Despite all the horrors of this war in Ukraine, it has also produced positive things. For example, the Western willingness to provide assistance for the suffering population of Ukraine. But even here we are experiencing double standards. It is traumatic to see that almost ten million people are fleeing within the Ukraine, about one quarter of the population, or trying to cross the border to the EU, almost four million refugees to date. The engagement of civil society and European governments is touching and admirable. Bureaucratic procedures for the integration of refugees are quickly removed with the stroke of an organisational pen. The refugees do not even have to register during the first three months. People house the refugees in their homes. Travel by public transport is provided free of charge to facilitate the mobility of Ukrainians. Just a few days after arriving in a foreign city, schools are open for Ukrainian children. As citizens of Europe, we can be proud.
But double standards in treating of refuges in EU countries are blatantly evident. What happens to the refugees from Afghanistan, Syria, Ethiopia and Somalia? Their integration into European societies has been systematically prevented for years. So far, the EU has constantly and unsuccessfully been arguing about a coordinated asylum policy. Ironically, the countries now facing a large number of refugees from Ukraine are those that have previously rigorously rejected and torpedoed an EU asylum policy: above all Poland, but also the Baltic countries, Slovenia, Hungary, Austria and Romania. Within a very short time, financial resources have been made available in Brussels to deal with the Ukraine crisis. Before the Ukraine war, EU policy always ended in dispute and at the expense of the refugees. The EU interior ministers haggled over quotas for distribution of refugees in the various countries. And some governments flatly rejected the admission of even a single refugee.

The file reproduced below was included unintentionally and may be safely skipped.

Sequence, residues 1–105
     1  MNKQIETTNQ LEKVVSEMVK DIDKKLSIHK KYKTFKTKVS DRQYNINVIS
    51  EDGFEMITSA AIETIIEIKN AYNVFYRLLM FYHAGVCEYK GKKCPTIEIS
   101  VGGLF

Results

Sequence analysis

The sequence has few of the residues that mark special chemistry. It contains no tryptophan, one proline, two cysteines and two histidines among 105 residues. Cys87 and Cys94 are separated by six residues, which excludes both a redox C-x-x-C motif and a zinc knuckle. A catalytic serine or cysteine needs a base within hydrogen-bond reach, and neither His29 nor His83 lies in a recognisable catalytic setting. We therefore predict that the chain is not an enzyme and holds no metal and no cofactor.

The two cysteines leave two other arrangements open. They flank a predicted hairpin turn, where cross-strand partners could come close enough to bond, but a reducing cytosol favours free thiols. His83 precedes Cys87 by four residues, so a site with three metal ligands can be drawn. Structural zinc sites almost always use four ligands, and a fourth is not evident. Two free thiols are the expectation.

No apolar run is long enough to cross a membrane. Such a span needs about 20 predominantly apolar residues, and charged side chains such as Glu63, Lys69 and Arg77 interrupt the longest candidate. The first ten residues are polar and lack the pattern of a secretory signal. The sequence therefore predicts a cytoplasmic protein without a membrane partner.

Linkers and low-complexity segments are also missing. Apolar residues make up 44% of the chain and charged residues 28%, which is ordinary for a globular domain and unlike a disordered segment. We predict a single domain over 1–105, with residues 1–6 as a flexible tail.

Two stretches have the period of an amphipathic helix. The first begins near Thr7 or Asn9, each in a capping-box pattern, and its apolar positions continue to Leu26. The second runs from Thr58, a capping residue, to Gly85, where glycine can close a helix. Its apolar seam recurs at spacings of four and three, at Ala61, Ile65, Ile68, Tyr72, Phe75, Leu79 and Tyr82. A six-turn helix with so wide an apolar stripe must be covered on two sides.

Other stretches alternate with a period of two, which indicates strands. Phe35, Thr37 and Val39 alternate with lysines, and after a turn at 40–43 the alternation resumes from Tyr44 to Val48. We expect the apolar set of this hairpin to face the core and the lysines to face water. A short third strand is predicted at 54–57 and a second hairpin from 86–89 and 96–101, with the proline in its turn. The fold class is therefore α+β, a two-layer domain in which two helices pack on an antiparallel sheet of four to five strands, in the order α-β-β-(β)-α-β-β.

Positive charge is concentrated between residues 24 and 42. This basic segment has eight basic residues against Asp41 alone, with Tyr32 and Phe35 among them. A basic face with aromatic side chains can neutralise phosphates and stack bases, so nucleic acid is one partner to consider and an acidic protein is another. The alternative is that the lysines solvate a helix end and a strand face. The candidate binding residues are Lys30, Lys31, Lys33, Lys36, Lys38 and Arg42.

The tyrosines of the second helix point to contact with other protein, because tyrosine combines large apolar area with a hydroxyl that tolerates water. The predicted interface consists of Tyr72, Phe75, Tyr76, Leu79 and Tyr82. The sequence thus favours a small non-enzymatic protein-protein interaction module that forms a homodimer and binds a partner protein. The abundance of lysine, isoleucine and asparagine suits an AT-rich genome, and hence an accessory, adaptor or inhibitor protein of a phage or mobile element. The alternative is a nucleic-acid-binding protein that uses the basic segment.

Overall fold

Throughout winter, refugees from the war zones in the Middle East and East Africa, have been stuck between the border of Belarus and Poland. They still live there; no, they have to vegetate there, without any prospects. There is no back or forth for them. While we in Europe are pondering about whether we need to lower the temperature in our homes next winter, in case Russian gas is no longer available, children freeze to death in this border strip. And Europe looks the other way when Poland insurmountably reinforces the border fences. “Fortress Europe”, repelling as many refugees as possible, was the European motto until the outbreak of the Ukraine war.